A Jubilee Year of Mercy
A Jubilee year is an extraordinary year of grace – all the more so when this Jubilee is one of Mercy. Mercy and forgiveness are two powerful expressions of God's love for all of humanity. Our mission is to proclaim mercy and forgiveness in a world that mostly knows revenge, punishment, violence and war.
During Lent, a first for a Jubilee year, the Pope will send missionaries of mercy to various countries. Another welcome novelty for this Jubilee will be that every diocese will have a Holy Door that will help and invite everyone to enter the door of Mercy and so become instruments of mercy.
Another Holy Family
As if this were not enough, our Mission Sunday celebration falls during the Ordinary Synod of Bishops on the Family. On this very day, a few hours ago in Vatican City, a married couple Louis and Zelie Martin parents of St. Theresa of the Child Jesus were canonized.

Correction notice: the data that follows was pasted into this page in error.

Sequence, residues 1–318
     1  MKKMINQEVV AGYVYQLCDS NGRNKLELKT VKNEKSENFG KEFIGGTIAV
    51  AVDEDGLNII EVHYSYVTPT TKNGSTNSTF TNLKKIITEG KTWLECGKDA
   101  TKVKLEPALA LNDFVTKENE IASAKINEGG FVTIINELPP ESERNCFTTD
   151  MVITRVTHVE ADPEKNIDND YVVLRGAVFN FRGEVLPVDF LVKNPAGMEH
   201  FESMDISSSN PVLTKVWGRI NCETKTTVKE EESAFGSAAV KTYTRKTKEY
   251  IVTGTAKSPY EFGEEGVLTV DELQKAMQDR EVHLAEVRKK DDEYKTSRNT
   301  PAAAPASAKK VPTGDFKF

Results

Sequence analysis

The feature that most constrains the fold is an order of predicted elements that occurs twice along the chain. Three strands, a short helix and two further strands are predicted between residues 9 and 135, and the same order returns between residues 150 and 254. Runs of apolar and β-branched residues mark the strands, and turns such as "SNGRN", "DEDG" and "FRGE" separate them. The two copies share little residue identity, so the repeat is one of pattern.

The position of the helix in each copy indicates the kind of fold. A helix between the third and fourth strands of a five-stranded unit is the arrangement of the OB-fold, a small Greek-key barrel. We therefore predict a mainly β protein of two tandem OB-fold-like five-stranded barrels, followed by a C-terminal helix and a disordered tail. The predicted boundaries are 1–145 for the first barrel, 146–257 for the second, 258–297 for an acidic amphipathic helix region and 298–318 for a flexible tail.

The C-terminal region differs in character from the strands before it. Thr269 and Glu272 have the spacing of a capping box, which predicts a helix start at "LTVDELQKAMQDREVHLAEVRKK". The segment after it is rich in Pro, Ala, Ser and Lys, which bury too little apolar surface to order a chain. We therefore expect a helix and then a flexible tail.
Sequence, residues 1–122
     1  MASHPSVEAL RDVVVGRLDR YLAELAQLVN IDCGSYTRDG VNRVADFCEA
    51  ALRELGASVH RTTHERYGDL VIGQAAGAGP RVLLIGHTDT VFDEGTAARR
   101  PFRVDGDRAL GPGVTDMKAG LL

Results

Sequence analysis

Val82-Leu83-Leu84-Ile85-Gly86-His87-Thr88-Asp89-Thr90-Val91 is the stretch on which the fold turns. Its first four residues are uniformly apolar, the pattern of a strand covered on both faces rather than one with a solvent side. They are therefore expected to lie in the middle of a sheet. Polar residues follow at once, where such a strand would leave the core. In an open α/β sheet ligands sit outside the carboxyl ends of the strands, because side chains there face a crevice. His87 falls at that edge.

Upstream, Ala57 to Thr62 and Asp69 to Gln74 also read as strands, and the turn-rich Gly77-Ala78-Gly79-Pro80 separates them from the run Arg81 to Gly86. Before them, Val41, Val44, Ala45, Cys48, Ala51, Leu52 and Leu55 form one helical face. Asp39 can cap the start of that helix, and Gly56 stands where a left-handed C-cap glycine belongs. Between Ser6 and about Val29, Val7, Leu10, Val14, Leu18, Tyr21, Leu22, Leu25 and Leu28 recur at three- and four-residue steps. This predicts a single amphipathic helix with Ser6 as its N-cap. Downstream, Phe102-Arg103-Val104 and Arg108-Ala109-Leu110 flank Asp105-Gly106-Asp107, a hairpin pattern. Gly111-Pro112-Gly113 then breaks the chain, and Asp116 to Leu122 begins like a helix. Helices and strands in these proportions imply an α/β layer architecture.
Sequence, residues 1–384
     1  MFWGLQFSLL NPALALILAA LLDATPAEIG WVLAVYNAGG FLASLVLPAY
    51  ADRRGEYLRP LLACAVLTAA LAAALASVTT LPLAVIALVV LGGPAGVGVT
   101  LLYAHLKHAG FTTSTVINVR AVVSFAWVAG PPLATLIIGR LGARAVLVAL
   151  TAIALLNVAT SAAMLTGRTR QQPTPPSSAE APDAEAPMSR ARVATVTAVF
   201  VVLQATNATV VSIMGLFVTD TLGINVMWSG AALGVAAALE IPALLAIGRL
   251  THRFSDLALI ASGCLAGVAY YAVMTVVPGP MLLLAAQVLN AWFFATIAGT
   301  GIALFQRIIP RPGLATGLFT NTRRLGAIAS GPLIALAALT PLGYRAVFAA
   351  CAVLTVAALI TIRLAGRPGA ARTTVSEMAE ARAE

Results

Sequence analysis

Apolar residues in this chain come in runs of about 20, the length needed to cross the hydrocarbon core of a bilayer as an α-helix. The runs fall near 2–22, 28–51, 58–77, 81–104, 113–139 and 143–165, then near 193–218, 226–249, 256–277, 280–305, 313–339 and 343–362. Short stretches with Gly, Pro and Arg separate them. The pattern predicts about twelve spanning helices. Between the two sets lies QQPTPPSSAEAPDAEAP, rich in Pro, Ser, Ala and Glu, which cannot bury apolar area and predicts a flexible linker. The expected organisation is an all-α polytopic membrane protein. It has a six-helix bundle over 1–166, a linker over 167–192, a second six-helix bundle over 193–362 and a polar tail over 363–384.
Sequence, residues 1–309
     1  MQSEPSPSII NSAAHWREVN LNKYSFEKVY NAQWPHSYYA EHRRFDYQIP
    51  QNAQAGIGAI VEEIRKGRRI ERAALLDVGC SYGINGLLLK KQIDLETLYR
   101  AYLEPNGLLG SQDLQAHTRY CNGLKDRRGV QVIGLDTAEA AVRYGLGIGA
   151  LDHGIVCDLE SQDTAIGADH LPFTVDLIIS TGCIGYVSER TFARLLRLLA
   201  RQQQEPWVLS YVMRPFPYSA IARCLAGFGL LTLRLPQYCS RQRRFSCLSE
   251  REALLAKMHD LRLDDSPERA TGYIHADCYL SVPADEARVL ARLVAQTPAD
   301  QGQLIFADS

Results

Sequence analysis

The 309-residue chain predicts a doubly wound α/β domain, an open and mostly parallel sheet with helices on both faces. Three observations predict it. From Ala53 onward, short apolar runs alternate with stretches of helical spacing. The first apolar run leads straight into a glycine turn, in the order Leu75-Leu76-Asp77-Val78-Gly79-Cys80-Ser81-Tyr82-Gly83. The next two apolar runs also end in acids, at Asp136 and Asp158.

A year dedicated to Consecrated Life, a Jubilee year of Mercy, the Sanctity of Family Life – all are among the many facets and dimensions of the very same mission of Christ. Aware that Jesus chose to be born and live as member of a family, we can understand why family remains the launching pad of or common mission.
The theme of the synod is precisely the vocation and mission of the family in the church and in the contemporary world. Family, by its very nature, witnesses to God's love. We can also add to these events the fact that today, if it were not Sunday, we would celebrate and honor Luke the Evangelist who not only wrote the third gospel but the Acts of the Apostles that narrate the evangelical missionary nature of the Church. His gospel is well known for its focus on joy, mercy, the poor, the marginalized, the strangers and for its missionary thrust. Today's gospel reminds us that we disciples are sent to serve.